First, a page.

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Declaring chemicals "not carcinogenic to humans" requires validation, not speculation. (Correspondence).

Regulatory agencies should provide detailed guidelines on how to use mechanistic and epidemiologic data to dismiss positive cancer evidence obtained from studies in experimental animals. Roberts and Ashby (2002) bemoaned that the U.S. Environmental Protection Agency (EPA) does not provide opportunity to conclude that there is no evidence of carcinogenicity from well-conducted and adequately powered epidemiologic studies. In their letter, Roberts and Ashby provided examples for which they claimed that there is enough information to draw valid conclusions of "no effect." Our examination of their examples and viewpoints reveals several critical issues that they have ignored, but which must be addressed in any future regulatory agency guidelines that may allow the dismissal of carcinogenic effects in animals based on mechanistic and epidemiologic data.

Roberts and Ashby (2002) appealed to the International Agency for Research on Cancer (IARC) guidelines (IARC 2000a) for evaluating epidemiologic studies to rectify the absence of procedures in the U.S. EPA's guidelines (US EPA 1999) that would allow the conclusion that there is no carcinogenic hazard based on well-conducted epidemiologic studies. However, Roberts and Ashby disregarded the IARC distinction between the classifications "inadequate evidence of carcinogenicity" and "evidence suggesting lack of carcinogenicity" in humans. Requirements for the latter are intentionally stringent, including multiple, mutually consistent, adequately powered studies covering the full range of human exposures that exclude with reasonable certainty bias, confounding, and chance and provide individual and pooled estimates of risk near unity with narrow confidence intervals. In particular, IARC (2000a) cautions that "latent periods substantially shorter than 30 years cannot provide evidence for lack of carcinogenicity."

With the IARC criteria in mind, it is surprising that Roberts and Ashby (2002) pointed to epidemiologic studies on clofibrate as an example, where they claim there is sufficient power to detect a cancer increase and that there are enough data to conclude that there is no carcinogenic effect. Although the World Health Organization trial on prevention of ischemic heart disease with clofibrate includes 208,000 man-years of observation in the mortality update (WHO 1984), the 5-year treatment period plus the 8-year mortality follow-up period is insufficient to adequately determine the extent of drug-related cancer incidences or deaths, or to make a valid conclusion of no risk of cancer. Cancer is a group of diseases that most often have latency periods greater than 20 years for clinical manifestation. Further, because there were only 206 total cancer deaths among the 5,331 men in the clofibrate group (WHO 1984), this study has inadequate power to demonstrate lack of a carcinogenic hazard, which should be evaluated for individual sites. This study also provided no information on cancer risk to women. The meta-analysis by Law et al. (1994) did not provide any estimates of cancer risk for clofibrate, though it was cited by Roberts and Ashby (2002) as part of the negative human evidence on the carcinogenicity of this hypolipidemic drug. Certainly, exposure and follow-up durations, gender differences, and study power are critical issues for regulatory agencies to address when formulating guidelines for use of epidemiologic studies to support a claim of no evidence of carcinogenicity in humans despite positive cancer data in experimental animals.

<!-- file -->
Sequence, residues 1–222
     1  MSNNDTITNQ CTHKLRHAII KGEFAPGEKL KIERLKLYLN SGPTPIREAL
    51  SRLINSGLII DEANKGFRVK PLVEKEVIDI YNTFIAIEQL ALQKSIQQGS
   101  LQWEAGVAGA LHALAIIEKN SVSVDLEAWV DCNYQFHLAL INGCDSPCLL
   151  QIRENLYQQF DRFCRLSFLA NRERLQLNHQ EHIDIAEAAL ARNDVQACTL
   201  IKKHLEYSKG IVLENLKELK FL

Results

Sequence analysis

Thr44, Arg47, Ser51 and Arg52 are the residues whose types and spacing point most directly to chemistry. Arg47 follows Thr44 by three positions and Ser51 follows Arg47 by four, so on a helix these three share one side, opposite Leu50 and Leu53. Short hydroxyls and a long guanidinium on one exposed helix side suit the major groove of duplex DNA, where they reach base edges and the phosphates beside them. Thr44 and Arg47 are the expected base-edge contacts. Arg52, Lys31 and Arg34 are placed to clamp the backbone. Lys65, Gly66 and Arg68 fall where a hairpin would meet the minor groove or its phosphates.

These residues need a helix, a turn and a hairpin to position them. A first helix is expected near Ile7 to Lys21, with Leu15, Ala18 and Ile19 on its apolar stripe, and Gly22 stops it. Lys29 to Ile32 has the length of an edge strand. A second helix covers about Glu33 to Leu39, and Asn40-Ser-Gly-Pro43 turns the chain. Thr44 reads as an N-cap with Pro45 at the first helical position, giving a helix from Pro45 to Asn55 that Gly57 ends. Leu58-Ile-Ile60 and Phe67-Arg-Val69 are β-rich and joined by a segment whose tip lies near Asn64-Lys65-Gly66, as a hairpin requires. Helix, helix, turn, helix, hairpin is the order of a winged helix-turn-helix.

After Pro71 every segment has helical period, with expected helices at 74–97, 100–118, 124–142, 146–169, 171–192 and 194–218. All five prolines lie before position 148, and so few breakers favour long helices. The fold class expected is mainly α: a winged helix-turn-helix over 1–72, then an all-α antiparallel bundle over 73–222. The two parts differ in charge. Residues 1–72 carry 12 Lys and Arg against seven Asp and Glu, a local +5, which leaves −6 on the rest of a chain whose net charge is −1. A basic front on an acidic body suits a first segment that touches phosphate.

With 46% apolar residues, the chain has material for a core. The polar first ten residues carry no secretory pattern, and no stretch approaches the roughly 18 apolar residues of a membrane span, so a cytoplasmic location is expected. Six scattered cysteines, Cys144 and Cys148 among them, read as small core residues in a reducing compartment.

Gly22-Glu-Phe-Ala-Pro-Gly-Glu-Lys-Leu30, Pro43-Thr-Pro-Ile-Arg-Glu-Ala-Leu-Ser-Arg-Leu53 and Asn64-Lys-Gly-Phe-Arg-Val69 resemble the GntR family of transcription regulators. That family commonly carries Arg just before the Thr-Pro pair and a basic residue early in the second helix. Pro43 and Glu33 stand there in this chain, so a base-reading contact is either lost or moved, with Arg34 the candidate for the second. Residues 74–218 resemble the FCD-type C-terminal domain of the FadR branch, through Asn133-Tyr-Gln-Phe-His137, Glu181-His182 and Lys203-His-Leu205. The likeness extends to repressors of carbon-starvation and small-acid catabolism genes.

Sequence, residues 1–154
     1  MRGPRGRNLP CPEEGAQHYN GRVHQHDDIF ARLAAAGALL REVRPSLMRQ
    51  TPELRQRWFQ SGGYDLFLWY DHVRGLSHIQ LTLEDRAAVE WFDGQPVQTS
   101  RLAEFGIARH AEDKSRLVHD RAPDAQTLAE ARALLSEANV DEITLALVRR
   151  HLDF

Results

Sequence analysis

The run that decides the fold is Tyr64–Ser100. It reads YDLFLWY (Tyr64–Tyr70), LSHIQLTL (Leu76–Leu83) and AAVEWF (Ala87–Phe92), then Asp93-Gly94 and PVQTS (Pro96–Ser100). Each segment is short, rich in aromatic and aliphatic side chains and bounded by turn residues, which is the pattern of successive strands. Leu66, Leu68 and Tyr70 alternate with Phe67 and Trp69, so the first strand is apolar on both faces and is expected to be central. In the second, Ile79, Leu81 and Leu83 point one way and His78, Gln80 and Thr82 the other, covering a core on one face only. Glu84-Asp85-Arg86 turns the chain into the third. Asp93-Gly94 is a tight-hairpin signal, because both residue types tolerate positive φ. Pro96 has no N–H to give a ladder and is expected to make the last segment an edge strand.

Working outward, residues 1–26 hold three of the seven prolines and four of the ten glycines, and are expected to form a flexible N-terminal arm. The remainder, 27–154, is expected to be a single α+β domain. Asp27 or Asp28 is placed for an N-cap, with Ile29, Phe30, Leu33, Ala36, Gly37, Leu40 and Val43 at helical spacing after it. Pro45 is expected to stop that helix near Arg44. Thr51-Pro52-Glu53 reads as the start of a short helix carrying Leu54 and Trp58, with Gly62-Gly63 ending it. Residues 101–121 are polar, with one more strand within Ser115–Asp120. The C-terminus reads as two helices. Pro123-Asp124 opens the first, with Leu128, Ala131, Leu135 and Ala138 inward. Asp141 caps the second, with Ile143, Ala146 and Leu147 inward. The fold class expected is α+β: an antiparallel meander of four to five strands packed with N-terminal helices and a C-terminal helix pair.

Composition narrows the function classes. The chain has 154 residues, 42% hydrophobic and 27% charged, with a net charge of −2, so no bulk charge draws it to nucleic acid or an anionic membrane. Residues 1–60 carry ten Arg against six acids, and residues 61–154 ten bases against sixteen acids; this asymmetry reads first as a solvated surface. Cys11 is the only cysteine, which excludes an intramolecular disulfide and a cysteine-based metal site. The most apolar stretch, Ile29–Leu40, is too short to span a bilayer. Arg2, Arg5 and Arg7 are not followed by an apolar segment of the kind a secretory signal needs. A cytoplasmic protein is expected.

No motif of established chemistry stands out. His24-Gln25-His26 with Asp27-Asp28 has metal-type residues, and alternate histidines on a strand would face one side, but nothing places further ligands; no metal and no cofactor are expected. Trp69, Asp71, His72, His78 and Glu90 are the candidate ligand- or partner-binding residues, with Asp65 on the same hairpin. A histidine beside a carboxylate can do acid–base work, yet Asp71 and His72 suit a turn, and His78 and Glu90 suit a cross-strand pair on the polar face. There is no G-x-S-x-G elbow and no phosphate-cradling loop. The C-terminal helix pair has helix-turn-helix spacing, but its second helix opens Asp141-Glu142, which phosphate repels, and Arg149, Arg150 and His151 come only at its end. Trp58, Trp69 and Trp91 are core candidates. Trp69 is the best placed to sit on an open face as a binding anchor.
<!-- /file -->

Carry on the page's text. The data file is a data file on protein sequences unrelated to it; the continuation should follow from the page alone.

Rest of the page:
On the use of mechanistic data for evaluating chemical carcinogens, we have repeatedly stressed the need for rigorous testing of mechanistic hypotheses (Huff 1995; Melnick et al. 1997). In this regard it is instructive to examine the basis for IARC's conclusions on the relevance of the carcinogenicity of peroxisome proliferators in experimental animals. As noted by Roberts and Ashby (2002), IARC opined that the mechanism of tumor induction by clofibrate [and di(2-ethylhexyl)phthalate (DEHP)] would not be operative in humans. For DEHP, there is sufficient evidence of carcinogenicity in rats and mice, yet IARC downgraded the classification of this chemical from "possibly carcinogenic in humans" to "not classifiable as to its carcinogenicity to humans" (IARC 2000b). Downgrading DEHP was based on the working group's conclusion that in addition to peroxisome proliferation, cell proliferation induced by DEHP is due to activation of the peroxisome proliferator-activated receptor (PPAR[alpha]) and that peroxisome proliferation had not been documented in human hepatocyte cultures. However, in considering IARC's evaluation, it is important to recognize that humans possess a functional PPAR[alpha] and that the working group noted that effects of DEHP in human liver have not been adequately evaluated. Cell proliferation mediated by PPAR[alpha] was considered by the IARC working group to be the critical step in the carcinogenicity of peroxisome proliferators.